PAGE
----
“Man and beast shall be covered with sackcloth…”

How can covering an animal with sackcloth help humans get closer to God?  Because it gives us a break from using God’s creation for so much pleasure.  Imagine this fluffy sock- and pencil-destroying angel covered in burlap:


That’s Rapunzel.  Punzie doesn’t talk much, but she is soooo soft and fluffy and cuddly and… soothing.  It’s soothing to have these routines with our pets.

Lent isn’t necessarily about giving up sin.  Life is supposed to be giving up sin.  Lent is about becoming more like Christ in that we accept the cross rather than denying it for the sake of comfort, whether that comfort is malignant or benign. 

So that’s my weird Lenten sacrifice.  What’s yours?  Food? Money? Adding prayer? Adding charitable acts? Don’t toot your horn so much as offer options to anybody reading who might be looking for options of their own.  

7 Quick Takes Friday: A Catholic Looking for the Rainbow Bridge

Join up with Jennifer at Conversion Diary for 7 Quick Takes Friday!
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I sort of have a built-in theme for today (not sure if that’s how we’re allowed to do 7QT, but I’m a rebel). Last night we put our older dog, Willow, to sleep.



Putting a pet down seems like it would be a complicated matter for someone who is against euthanasia. It’s not. Pets are family… but they are not people. Pets cannot gain any spiritual benefit or moral strength or dignity from suffering. We can. That’s one of those things about being made in the image and likeness of God. Our suffering is never wasted–unless we choose to waste it.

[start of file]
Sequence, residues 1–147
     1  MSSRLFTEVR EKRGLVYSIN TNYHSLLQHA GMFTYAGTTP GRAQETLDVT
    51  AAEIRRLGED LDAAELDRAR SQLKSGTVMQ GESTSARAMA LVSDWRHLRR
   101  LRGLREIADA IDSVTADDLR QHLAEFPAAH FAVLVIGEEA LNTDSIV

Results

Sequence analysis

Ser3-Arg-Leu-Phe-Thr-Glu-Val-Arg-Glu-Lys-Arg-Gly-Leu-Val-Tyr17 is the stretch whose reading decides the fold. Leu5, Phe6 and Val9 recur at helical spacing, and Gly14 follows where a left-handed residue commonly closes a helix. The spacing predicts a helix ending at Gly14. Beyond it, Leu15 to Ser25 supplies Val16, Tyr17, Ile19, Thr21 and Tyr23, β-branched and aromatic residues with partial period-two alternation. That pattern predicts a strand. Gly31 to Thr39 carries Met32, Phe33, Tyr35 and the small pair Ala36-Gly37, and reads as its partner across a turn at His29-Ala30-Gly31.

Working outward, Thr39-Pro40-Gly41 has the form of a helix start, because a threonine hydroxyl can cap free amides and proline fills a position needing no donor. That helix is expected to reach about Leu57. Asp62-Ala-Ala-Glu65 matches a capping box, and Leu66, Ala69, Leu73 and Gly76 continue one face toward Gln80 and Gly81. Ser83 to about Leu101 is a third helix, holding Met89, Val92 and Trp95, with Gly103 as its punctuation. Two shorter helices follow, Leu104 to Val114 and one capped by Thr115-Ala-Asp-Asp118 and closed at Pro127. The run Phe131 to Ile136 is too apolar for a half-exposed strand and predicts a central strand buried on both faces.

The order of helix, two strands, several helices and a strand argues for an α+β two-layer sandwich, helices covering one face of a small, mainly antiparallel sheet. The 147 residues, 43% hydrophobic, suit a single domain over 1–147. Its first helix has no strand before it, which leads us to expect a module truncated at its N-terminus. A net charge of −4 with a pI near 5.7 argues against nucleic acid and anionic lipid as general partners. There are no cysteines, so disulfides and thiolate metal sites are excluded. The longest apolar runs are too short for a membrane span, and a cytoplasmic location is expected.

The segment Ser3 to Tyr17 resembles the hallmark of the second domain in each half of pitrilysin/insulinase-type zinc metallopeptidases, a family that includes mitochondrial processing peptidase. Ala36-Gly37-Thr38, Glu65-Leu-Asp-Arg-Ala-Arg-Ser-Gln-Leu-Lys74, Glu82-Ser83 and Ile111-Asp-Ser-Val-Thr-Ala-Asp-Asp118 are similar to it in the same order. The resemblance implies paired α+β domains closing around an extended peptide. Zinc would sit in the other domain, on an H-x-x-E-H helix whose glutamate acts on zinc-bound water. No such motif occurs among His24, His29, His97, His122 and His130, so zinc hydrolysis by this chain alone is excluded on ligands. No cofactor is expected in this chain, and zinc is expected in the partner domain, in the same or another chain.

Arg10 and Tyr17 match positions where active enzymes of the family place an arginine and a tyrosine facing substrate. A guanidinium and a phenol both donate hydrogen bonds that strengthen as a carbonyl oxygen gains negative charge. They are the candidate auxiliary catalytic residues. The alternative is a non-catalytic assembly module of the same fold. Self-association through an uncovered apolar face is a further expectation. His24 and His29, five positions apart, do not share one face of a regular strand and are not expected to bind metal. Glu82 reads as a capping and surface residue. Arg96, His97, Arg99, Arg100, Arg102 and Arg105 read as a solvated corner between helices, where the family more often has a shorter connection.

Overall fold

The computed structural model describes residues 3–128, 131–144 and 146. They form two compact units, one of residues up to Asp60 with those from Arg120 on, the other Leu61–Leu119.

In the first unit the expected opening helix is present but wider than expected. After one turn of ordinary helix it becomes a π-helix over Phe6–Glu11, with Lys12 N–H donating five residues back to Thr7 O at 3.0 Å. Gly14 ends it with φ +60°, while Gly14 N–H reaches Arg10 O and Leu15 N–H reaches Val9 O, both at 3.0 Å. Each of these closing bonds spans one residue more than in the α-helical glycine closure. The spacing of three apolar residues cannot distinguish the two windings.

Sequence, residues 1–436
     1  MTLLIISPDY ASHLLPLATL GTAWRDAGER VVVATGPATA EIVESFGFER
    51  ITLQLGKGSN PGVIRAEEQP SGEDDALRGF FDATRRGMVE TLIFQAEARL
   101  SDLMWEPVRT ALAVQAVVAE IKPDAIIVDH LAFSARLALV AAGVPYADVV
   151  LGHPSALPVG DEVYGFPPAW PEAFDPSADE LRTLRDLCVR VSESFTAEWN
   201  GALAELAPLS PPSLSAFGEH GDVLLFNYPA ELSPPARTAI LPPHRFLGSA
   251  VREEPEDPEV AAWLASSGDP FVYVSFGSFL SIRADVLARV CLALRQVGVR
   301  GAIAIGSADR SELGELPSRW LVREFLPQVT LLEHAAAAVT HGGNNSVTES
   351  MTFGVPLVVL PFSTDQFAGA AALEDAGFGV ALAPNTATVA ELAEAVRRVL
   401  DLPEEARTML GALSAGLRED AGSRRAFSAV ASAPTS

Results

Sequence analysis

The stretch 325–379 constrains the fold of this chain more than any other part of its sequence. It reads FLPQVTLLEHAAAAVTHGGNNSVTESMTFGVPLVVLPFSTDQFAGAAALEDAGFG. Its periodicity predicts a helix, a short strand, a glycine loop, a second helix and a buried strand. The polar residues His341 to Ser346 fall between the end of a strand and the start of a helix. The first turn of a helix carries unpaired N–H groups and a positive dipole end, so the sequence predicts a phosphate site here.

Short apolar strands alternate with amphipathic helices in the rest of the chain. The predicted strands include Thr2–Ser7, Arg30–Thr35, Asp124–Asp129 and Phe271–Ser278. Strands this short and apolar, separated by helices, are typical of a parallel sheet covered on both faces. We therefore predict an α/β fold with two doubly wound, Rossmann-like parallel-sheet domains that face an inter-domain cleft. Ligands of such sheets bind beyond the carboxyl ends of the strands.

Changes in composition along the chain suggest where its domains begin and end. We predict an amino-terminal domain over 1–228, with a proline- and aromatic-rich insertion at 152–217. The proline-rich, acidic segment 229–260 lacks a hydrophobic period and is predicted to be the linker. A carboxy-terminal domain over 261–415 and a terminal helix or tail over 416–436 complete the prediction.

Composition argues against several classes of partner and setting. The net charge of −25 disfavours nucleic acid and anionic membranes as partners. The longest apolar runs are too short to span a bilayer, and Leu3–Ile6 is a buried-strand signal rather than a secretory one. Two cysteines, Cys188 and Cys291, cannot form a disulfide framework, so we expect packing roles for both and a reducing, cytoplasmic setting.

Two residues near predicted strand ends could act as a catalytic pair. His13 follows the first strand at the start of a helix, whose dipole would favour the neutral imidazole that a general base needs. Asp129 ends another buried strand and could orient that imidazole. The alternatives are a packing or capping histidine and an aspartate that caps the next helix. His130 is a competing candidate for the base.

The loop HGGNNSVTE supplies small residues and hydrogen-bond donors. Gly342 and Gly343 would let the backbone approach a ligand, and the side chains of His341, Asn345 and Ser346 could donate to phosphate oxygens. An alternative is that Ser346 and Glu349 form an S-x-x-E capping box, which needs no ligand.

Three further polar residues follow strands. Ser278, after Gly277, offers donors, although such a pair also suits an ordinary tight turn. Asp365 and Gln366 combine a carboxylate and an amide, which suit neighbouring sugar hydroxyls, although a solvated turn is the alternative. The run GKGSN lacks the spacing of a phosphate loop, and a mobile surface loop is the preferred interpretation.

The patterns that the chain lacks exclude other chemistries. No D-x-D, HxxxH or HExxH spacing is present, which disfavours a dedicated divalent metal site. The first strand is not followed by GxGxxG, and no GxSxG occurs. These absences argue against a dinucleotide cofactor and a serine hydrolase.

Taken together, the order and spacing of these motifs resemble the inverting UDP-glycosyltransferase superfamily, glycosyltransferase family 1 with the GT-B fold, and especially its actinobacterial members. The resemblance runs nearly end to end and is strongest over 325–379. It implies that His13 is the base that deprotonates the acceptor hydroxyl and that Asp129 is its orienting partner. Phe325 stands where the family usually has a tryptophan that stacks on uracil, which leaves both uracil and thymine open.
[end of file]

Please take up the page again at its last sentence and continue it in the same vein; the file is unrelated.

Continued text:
Pets are not made in the image and likeness of God, but like all creation, they do give us an image of God’s love for us, if we’ll just look. Did Willow ever give me the cold shoulder because I’d ignored her, forgotten to give her my table scraps, or yelled at her for being so very in the way with her 90lbs of cluelessness? In the event I might have, say, forgotten to let her back in on a 20F day because the toddler was puking in the basement… did she hold it against me? Never. There is no sin so great that will keep a dog away from you. God’s like that.


On that note, let’s talk about faith vs. works, a topic getting a lot of press these days. God doesn’t need anything from us. Duh. He’s God. If you have faith in Him, hooray for you. If faith is all you choose to have for him, what’s your relationship with Him going to look like? It’ll look a lot like the relationship of someone who ignores her dog all the time. That dog will still be sitting in the corner, waiting to be loved. The owner will be patting herself on the back, saying, “I rescued her. That’s good enough for her.” Is it? That owner won’t get to experience the reciprocal joy of a belly rub: